St John of the Ladder – Part I

28 March 2017

To Western eyes, the monk, increasingly, is a figure of yesterday, and the commonest images of him are of the kind to make easy the patronizing smile, the confidently dismissive gesture, or that special tolerance extended to the dotty and the eccentric. Around Friar Tuck, with his cheerful obesity, and Brother Francis, harming no-one as he talks to birds and animals, vaguer ghosts manage to cluster, gaunt, cowled, faintly sinister, eyes averted or looking heaven-wards, a skull clutched in a wasted hand, with gloom arising, and laughter dead.


Somewhere in the background there are bells and hymns, and psalms chanted well after midnight; and, as if to confirm that these are only the leftovers of a past surely and mercifully gone, there is the dumb presence of all those European monasteries visited for ten scheduled minutes during a guided tour, or else sought out on warmer evenings by courting couples.

But for Christians, that is, for someone who believes that there is a God, that God has manifested Himself in historical surroundings in the person of Christ, and that insights and obligations are thereby held up to everybody, the monk cannot easily be shrugged off…

       A linguistic usage, so long employed by Christians that it has the look of being quite simply “natural” surrounds the individual monk with a wall of venerable words, a wall more solid and endurable than any that may set the boundaries of the area where he actually lives. For the talk is of  “withdrawal” from “the world”, of “renunciation”, of a “monastic life” in contrast with the way other people happen to live, of being “apart from”, “away from” the rest of mankind, of pursuing a “dedicated” and “consecrated” path. And this language, with its emphasis on the difference between the monk and all others, very quickly begins to generate something more than a set of descriptions. It begins to imply a value system, a yardstick of achievement and worth until at last, and not surprisingly, there grows the irresistible urge to speak of a “higher”, “fuller”, and “more perfect” way of life…

       Given those circumstances, it is reasonable to wonder how a Christian may now cope with the vast literature to which he is heir. It is also reasonable to anticipate that he will approach it with something less than automatic deference. And amid all the competing voices, his capacity to deploy a commitment and a sustained interest may well diminish as he strives to assemble for himself and for his friends criteria of evaluation that make some kind of accepted sense. How, for instance, is he to approach a work like The Ladder of Divine Ascent by John Climacus?

       The setting at least can be readily established. The Ladder is a product of that great surge of monasticism which appeared first in Egypt during the third century, spread rapidly through all of Christendom, and eventually reached the West by way of the mediating zeal of figures such as John Casssian. The general history of this most influential development in the life of the early Church is well known, even if details and certain interpretations continue to preoccupy scholars, and there is no need to attempt here a sketch of what has been so well described by others…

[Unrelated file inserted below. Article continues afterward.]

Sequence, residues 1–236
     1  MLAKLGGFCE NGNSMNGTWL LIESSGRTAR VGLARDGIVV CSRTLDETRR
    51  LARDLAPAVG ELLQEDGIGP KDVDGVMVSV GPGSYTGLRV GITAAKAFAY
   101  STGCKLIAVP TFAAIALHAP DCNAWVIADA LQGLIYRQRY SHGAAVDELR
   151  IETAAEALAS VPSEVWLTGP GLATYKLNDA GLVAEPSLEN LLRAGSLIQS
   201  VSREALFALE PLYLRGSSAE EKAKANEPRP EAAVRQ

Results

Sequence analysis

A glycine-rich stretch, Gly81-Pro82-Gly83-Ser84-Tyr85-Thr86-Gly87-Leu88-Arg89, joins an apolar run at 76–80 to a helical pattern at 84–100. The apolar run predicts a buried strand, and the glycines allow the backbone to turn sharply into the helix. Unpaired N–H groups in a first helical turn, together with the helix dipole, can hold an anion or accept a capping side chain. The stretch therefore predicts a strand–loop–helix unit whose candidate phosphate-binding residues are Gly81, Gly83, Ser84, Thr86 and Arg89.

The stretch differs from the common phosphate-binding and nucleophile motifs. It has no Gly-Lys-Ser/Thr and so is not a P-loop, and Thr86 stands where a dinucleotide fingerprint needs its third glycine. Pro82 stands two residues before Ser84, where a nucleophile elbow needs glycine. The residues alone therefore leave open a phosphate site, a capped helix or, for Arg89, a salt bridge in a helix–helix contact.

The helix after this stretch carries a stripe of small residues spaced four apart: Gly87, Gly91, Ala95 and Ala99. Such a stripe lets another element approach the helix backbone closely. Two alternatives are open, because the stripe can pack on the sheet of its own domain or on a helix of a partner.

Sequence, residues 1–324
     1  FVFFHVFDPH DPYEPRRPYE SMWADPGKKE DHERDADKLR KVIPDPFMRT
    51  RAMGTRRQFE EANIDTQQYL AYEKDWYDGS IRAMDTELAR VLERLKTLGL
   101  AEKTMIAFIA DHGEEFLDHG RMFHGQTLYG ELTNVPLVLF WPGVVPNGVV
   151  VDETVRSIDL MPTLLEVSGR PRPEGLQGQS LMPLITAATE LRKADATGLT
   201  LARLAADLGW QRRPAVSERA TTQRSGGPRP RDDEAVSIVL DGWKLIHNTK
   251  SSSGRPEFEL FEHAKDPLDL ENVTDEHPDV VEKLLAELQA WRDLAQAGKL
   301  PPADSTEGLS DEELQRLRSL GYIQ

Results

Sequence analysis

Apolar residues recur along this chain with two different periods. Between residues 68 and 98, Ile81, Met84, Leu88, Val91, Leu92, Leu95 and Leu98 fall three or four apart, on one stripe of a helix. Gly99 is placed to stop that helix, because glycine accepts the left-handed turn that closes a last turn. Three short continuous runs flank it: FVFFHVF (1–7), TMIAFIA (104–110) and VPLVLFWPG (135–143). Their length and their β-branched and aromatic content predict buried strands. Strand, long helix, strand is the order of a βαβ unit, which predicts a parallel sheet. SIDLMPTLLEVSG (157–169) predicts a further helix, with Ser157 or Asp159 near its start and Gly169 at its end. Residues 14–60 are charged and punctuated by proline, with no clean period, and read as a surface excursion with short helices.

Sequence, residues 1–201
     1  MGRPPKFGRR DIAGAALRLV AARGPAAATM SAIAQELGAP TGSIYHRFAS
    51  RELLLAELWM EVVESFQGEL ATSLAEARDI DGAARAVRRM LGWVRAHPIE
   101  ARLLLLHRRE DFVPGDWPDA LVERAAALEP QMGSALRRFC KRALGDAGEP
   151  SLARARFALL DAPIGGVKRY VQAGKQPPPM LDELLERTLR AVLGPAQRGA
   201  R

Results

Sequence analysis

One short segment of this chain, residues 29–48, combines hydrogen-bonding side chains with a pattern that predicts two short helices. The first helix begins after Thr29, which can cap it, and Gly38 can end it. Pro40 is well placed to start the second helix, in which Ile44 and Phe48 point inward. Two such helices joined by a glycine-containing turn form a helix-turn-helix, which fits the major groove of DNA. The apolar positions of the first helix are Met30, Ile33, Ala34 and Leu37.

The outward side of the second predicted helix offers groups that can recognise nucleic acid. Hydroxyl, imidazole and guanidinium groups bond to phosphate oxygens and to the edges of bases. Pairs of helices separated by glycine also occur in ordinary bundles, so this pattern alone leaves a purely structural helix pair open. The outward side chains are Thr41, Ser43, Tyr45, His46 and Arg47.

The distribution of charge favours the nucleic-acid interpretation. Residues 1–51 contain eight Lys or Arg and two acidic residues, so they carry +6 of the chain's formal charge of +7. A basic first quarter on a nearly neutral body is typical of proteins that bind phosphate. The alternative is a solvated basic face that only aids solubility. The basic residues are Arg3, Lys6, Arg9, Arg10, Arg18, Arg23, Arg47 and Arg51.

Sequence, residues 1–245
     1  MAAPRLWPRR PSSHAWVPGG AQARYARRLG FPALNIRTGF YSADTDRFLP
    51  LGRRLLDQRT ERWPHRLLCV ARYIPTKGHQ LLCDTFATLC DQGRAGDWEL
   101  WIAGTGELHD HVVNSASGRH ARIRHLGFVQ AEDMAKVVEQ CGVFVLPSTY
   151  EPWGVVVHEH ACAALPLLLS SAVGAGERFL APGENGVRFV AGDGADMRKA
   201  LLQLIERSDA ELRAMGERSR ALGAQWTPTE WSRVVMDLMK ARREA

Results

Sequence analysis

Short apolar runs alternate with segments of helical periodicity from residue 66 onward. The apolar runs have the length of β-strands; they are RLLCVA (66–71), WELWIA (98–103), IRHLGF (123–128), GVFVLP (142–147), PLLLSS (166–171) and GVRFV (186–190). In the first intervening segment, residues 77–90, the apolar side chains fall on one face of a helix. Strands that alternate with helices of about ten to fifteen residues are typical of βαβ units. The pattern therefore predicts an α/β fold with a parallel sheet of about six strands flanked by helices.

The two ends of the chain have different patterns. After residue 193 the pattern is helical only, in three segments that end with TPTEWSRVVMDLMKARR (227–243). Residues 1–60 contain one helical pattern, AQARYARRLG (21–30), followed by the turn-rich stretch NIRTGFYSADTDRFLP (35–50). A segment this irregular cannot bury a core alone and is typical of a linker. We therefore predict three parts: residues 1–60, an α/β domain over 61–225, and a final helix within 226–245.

That many of the first monks had glimpsed a connection between the experience of hardship and an enhanced spirituality is evident in the writings of the early Church. And in the neighborhood of that perceived connection were other sources of the resolve to enter on a monastic life. There was, for instance, the belief that, given the right conditions and preparation, a man may even in this life work his passage upward into the actual presence of God; and there, if God so chooses, he can receive a direct and intimate knowledge of the Divine Being. Such knowledge is not the automatic or the guaranteed conclusion of a process.

It is not like the logical outcome of a faultlessly constructed argument. There is no assurance that a man will come to it at the end of a long journey. But to many it was a prize and a prospect so glittering that all else looked puny by comparison; and, besides, there were tales told of some who, so it seemed, had actually been granted that supreme gift of a rendezvous…

       There is now in the consciousness of the West a terminology and set of value judgments centered on the person. From the era of the Renaissance and the Reformation up to the present time, there has been a steady progress in the insistence on the reality and the inherent worth of the individual. Some philosophers, of course, would argue that man the word-spinner has in this merely demonstrated once again his capacity to sublimate reality and has only succeeded in hiding from himself that he is no more – and no less- than a very complex organism.

But this is not a widely shared view. Instead, there is much talk of human rights, of one man’s being as good as another, of the right of the poor to share in the goods of the world, of one-man-one-vote. What all this has done to a belief in God is a theme of major import. However, on a more restricted plane, a difficulty for anyone today reading The Ladder of Divine Ascent or similar texts is that in these a somewhat different view of the person is at work. If modern Christianity has invested heavily in the notion of the value of the individual person, it has been at the cost of a seeming incompatibility with much that was felt and believed in the early Church.

[To Be Continued]